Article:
Your project is concerned with stories: ones that we tell ourselves and others, constructing self-narratives which can often support personal agency. Can you tell us a bit about whether your project crosses over with literary studies at all? It reminded me of folk tales and fairy tales, stories with confabulated elements but a social safe-keeping function, e.g. warning children away from doing something dangerous.
This is a very interesting question. For project PERFECT we have collaborated with psychologists and psychiatrists, mental health activists and people with lived experience of mental health issues, but we haven’t interacted much with researchers in the medical humanities, social science, or linguistics and literature. This is probably because we were having a focus on the connection between rationality and mental health, and because at the time of planning our activities I hadn’t realised how crucial the notions of self-image, self-concept, and self-narrative would have become for our investigation.
For my next project, I have filled the obvious disciplinary gap and involved from the start both linguists who are interested in shared meanings and self-image (on traditional media and social media), and social scientists who study the effects of certain forms of communication on people’s identities and groups’ identities. In the new project, we want to explore exactly what you suggest in your question, the idea that stories have multiple functions (they inform, entertain, challenge, motivate, persuade) and have different success conditions relative to those functions: an inaccurate historical report can be at the same time misleading, entertaining, and motivating. I think an analysis of the role of stories is timely and urgently needed in the current political climate, where stories are used as arguments and have proven to be very powerful at influencing people’s thoughts and actions.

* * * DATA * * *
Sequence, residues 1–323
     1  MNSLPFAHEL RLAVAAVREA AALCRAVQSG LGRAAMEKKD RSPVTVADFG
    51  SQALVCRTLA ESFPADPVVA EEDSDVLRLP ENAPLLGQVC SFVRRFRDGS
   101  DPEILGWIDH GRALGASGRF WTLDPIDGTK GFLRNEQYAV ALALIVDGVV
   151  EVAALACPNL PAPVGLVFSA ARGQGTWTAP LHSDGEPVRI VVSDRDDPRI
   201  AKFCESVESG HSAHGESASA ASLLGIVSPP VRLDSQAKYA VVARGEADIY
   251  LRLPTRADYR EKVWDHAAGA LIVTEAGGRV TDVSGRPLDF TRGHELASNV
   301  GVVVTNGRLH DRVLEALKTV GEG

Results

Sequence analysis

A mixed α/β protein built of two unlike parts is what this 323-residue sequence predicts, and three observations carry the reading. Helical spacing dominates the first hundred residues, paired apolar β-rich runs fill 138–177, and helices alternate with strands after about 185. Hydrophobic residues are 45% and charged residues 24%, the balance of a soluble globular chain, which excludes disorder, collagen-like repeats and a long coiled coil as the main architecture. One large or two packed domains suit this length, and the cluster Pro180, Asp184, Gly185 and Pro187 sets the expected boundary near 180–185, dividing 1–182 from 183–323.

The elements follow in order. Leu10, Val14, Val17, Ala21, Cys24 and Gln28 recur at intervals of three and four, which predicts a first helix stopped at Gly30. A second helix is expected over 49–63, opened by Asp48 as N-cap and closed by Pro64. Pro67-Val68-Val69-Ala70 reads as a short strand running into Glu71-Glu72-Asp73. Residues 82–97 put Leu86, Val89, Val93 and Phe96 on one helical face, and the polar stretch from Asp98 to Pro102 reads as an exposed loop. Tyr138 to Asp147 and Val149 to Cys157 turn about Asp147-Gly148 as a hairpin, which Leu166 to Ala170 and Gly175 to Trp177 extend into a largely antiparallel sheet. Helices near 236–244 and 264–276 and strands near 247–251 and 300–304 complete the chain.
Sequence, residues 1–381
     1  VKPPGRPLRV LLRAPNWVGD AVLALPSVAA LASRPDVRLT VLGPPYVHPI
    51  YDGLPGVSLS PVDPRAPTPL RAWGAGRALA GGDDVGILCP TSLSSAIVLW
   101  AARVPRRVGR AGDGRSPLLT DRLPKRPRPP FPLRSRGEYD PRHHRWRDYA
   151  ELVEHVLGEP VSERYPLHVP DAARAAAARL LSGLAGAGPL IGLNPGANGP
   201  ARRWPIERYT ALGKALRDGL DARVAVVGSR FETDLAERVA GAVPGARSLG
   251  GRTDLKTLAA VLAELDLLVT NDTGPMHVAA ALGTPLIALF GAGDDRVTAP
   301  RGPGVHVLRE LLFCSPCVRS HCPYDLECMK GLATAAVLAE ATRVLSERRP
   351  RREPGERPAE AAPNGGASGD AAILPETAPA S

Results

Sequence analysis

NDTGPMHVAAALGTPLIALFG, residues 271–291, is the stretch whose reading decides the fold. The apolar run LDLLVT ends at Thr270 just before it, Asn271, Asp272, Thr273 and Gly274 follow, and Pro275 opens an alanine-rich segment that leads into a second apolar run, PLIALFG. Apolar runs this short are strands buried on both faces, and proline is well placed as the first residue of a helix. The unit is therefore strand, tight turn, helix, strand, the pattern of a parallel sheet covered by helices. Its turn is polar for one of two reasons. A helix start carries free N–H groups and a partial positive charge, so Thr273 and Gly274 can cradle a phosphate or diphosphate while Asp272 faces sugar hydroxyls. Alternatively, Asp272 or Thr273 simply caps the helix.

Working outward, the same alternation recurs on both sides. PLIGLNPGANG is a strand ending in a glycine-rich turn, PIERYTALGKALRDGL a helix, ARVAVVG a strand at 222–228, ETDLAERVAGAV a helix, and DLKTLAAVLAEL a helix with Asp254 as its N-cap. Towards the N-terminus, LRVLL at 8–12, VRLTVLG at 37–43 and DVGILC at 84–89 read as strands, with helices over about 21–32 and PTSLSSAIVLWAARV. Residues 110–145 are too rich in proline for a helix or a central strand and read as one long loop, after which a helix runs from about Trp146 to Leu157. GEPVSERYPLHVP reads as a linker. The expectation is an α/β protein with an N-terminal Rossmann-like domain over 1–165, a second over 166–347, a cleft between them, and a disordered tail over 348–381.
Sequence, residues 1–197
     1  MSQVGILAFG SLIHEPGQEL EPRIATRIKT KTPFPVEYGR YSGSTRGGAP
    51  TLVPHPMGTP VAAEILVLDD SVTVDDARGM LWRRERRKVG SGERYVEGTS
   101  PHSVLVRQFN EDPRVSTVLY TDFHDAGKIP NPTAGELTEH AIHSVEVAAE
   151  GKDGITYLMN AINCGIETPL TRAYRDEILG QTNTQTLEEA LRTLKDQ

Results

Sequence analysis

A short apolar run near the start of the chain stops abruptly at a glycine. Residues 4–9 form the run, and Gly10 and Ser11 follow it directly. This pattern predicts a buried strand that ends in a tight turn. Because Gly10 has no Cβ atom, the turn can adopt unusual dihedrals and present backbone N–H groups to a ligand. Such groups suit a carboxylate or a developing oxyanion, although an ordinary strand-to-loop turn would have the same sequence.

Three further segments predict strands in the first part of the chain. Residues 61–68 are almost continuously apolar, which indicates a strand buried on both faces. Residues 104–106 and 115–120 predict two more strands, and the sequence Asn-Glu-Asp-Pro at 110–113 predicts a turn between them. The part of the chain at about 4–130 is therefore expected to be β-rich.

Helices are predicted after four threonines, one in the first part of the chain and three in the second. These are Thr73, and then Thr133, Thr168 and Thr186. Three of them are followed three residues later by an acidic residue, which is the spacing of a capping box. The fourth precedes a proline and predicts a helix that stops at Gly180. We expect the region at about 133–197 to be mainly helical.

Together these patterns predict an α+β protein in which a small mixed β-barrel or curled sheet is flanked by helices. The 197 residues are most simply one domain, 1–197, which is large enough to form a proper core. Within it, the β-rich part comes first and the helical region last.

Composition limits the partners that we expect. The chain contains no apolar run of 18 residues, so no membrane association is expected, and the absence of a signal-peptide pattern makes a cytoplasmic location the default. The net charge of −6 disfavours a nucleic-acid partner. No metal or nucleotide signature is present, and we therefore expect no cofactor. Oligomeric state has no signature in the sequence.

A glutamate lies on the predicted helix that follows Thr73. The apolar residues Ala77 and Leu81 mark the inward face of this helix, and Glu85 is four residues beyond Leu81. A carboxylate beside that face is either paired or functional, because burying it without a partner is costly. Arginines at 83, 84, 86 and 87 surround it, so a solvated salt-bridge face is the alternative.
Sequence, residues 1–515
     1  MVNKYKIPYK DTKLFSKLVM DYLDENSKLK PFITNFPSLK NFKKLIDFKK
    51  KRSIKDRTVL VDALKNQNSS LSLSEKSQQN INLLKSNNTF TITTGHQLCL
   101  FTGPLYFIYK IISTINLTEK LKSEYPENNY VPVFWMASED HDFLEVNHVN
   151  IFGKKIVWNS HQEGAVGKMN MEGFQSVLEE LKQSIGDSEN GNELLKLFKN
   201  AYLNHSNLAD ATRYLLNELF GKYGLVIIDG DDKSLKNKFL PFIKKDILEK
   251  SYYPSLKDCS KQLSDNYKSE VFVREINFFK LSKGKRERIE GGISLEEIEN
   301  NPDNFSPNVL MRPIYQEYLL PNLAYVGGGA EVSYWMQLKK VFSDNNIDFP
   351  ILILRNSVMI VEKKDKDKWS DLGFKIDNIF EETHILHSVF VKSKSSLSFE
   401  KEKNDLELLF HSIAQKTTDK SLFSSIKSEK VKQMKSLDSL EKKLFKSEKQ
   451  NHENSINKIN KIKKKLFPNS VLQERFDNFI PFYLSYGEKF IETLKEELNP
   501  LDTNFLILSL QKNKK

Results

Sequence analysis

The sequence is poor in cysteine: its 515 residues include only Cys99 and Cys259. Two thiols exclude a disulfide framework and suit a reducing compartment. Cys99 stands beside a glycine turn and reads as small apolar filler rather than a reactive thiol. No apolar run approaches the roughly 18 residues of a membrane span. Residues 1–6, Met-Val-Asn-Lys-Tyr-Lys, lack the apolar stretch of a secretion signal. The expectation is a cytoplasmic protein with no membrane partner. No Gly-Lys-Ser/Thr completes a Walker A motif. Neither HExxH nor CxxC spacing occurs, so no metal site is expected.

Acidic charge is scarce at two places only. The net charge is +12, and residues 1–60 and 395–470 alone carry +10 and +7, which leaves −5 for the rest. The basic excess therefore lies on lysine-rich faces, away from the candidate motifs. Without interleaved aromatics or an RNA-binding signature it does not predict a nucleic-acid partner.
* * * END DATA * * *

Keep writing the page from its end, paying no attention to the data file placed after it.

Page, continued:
Does your project connect with thinking about metaphor and illness? The benefits, or potentially harmful effect, of common cultural metaphors as ways of visualising illness and recovery?
Not specifically. In the delusion and confabulation literature the notions of metaphor and metaphorical meaning have been explored to some extent, especially among those scholars who claim that we should view delusions and confabulations not (just) as beliefs, but as fictional expressions of thoughts and feelings or as descriptions of an alternative reality that the person recognises (at some level) as non-actual. I believe this may be an interesting approach to some cases of delusion and confabulation, but for independent reasons I prefer to view most delusional reports and confabulatory explanations as expressions of a literal truth that the person is committed to.